My wife has dedicated her career to educating refugee children, and having spent time on medical wards, I work in the healthcare arena. Thus, my family is familiar with both sides that this saga addresses. Let’s all hope this story is a “worst case scenario.” It seems that American healthcare has grown as has the communities supporting refugees. Reading this book can remind us of why we cannot go back but must push forward. ( )
1 vote scottjpearson | Apr 23, 2024 |
A great, if heartbreaking book. The author presents a relatively impartial history of how a group of thoroughly committed and well meaning people are caught together in a situation that somehow trumps all their good intentions. It has history, culture, folklore, humor, medicine and humanity. Highly recommended ( )
  cspiwak | Mar 6, 2024 |
Grin recommended this book to me after we had a conversation about different cultural perspectives re medicine and wellness. If you have any interest in global health and/or how the US health care system treats immigrants and refugees, this is a must-read. Anne Fadiman's a brilliant writer, and in this book she takes a personal interest in the Hmong family on which the story is based, so it's an especially moving account vs. what you might read about medical anthropology in a journal or magazine. ( )
  LibrarianDest | Jan 3, 2024 |
Well-researched and well-written. I'd probably give this 3.5 stars. I learned quite a bit about the Hmong culture and history, and a smidge about the US medical establishment, too. ( )
  CarolHicksCase | Mar 12, 2023 |
Author researches a Hmong family in California with an epileptic daughter and their experience with US Health care system, shows culture and doctors care deeply for child with radically different approaches to treatment. Also touches on racial, economic prejudice combined with low literacy as barriers to allowing the two approaches to become complementary. Fadiman is also a superb essayist, this is an outstanding book. ( )
  maitrigita | Oct 2, 2022 |
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If tragedy is a conflict of two goods, if it entails the unfolding of deep human tendencies in a cultural context that makes the outcome seem inevitable, if it moves us more than melodrama, then this fine book recounts a poignant tragedy.
adicionado por jlelliott | editarThe New York Times, Melvin Konner (Oct 19, 1997)
 
Ms. Fadiman tells her story with a novelist's grace, playing the role of cultural broker, comprehending those who do not comprehend each other and perceiving what might have been done or said to make the outcome different.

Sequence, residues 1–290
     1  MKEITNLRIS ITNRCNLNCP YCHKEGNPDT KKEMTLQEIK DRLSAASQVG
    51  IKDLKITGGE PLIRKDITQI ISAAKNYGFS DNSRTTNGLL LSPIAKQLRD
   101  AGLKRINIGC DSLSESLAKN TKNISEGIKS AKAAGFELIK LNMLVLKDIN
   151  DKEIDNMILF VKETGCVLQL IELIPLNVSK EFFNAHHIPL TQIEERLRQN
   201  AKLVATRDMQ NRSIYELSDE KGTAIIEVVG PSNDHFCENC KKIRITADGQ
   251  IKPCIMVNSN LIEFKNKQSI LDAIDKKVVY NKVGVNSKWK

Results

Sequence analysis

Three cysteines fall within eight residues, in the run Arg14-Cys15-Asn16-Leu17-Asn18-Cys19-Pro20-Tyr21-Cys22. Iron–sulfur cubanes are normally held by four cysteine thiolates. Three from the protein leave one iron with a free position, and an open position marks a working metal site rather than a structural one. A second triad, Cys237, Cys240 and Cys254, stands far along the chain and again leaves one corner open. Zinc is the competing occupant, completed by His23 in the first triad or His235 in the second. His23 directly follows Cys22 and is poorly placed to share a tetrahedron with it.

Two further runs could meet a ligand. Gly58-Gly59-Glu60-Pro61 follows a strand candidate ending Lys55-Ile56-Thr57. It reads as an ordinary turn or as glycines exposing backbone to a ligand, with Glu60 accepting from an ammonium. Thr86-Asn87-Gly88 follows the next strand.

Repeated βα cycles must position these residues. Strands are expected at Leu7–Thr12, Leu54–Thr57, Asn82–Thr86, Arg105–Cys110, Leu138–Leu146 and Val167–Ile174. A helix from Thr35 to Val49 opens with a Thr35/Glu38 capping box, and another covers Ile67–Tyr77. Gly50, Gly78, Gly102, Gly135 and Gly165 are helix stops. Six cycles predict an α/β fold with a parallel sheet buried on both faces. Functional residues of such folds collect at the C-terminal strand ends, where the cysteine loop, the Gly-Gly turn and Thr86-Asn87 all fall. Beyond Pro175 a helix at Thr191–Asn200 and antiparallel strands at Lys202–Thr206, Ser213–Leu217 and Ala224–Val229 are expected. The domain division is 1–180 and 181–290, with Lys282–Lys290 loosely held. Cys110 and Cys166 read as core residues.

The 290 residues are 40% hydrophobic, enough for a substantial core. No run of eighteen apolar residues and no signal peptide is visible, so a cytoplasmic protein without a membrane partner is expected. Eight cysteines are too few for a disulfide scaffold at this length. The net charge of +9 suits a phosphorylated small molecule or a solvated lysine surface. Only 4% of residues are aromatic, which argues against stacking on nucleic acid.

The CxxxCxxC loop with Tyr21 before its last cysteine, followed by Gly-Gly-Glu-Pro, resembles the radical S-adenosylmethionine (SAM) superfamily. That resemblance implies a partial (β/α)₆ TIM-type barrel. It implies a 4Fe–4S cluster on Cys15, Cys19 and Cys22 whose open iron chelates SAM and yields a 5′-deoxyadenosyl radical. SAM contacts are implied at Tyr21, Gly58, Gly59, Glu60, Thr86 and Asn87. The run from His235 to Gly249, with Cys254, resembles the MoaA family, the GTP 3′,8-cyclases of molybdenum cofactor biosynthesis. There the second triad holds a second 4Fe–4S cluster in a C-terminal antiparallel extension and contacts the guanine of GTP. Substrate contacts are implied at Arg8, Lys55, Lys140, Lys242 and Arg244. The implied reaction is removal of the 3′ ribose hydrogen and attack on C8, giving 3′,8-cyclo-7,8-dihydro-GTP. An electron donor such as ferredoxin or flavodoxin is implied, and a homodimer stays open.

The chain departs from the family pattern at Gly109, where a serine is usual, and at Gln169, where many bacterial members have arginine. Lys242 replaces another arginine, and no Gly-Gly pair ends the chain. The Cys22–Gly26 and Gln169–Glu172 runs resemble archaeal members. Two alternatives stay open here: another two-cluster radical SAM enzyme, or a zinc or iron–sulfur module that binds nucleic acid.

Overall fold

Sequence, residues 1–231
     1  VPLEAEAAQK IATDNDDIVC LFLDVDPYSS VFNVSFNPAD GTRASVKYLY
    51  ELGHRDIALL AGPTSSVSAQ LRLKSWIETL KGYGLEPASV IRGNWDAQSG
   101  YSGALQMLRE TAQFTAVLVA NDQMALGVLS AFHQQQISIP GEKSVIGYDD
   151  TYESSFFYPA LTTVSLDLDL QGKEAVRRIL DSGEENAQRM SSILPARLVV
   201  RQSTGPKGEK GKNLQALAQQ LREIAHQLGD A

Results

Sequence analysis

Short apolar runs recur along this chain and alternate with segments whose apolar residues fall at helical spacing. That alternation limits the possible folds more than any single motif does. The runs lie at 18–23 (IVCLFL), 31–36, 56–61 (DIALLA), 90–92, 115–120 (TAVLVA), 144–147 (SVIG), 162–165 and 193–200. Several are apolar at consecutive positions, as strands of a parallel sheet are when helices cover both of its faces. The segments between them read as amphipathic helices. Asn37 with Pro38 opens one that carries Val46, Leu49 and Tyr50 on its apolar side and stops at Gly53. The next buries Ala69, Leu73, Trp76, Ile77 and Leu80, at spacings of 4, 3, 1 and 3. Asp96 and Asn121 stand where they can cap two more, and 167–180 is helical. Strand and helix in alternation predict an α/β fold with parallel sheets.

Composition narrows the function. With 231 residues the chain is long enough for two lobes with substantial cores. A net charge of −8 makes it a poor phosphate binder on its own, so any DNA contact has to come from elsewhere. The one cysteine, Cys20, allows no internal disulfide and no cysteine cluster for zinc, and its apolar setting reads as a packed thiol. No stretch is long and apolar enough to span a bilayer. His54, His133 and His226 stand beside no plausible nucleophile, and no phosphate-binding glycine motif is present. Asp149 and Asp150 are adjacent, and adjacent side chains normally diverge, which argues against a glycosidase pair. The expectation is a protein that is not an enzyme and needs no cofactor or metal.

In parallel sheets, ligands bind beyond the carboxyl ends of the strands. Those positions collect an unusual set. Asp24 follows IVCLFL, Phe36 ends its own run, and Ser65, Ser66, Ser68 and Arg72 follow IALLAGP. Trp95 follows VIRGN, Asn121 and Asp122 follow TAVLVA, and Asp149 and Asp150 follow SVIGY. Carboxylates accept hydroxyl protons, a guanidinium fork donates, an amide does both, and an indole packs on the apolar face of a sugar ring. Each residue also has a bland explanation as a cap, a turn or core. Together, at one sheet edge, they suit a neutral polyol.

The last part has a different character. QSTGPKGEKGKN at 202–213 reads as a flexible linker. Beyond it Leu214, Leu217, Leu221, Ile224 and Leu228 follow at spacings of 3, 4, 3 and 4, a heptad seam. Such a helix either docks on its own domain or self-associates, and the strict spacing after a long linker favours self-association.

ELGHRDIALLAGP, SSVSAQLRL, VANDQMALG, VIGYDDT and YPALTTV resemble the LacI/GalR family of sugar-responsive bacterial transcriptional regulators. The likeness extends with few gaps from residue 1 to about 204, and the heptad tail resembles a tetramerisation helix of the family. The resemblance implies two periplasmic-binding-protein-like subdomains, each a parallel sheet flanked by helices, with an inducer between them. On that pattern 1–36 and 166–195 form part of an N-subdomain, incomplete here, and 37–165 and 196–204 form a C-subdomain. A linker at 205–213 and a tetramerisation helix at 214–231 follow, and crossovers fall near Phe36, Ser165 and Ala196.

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If Lia Lee had been born in the highlands of Laos, where her parents and twelve of her brothers and sisters were born, her mother would have squatted on the floor of the house that her father had built from ax-hewn planks thatched with bamboo and grass. (Chapter 1 - Birth)
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When three-month-old Lia Lee arrived at the county hospital emergency room in Merced, California, a chain of events was set in motion from which neither she nor her parents nor her doctors would ever recover. Lia's parents, Foua and Nao Kao, were part of a large Hmong community in Merced, refugees from the CIA-run "Quiet War" in Laos. The Hmong, traditionally a close-knit and fiercely proud people, have been less amenable to assimilation than most immigrants, adhering steadfastly to the rituals and beliefs of their ancestors. Lia's pediatricians, Neil Ernst and his wife, Peggy Philip, cleaved just as strongly to another tradition: that of Western medicine. When Lia Lee entered the American medical system, diagnosed as an epileptic, her story became a tragic case history of cultural miscommunication. Parents and doctors both wanted the best for Lia, but their ideas about the causes of her illness and its treatment could hardly have been more different. The Hmong see illness and healing as spiritual matters linked to virtually everything in the universe, while medical community marks a division between body and soul, and concerns itself almost exclusively with the former. Lia's doctors ascribed her seizures to the misfiring of her cerebral neurons; her parents called her illness, qaug dab peg--the spirit catches you and you fall down--and ascribed it to the wandering of her soul. The doctors prescribed anticonvulsants; her parents preferred animal sacrifices.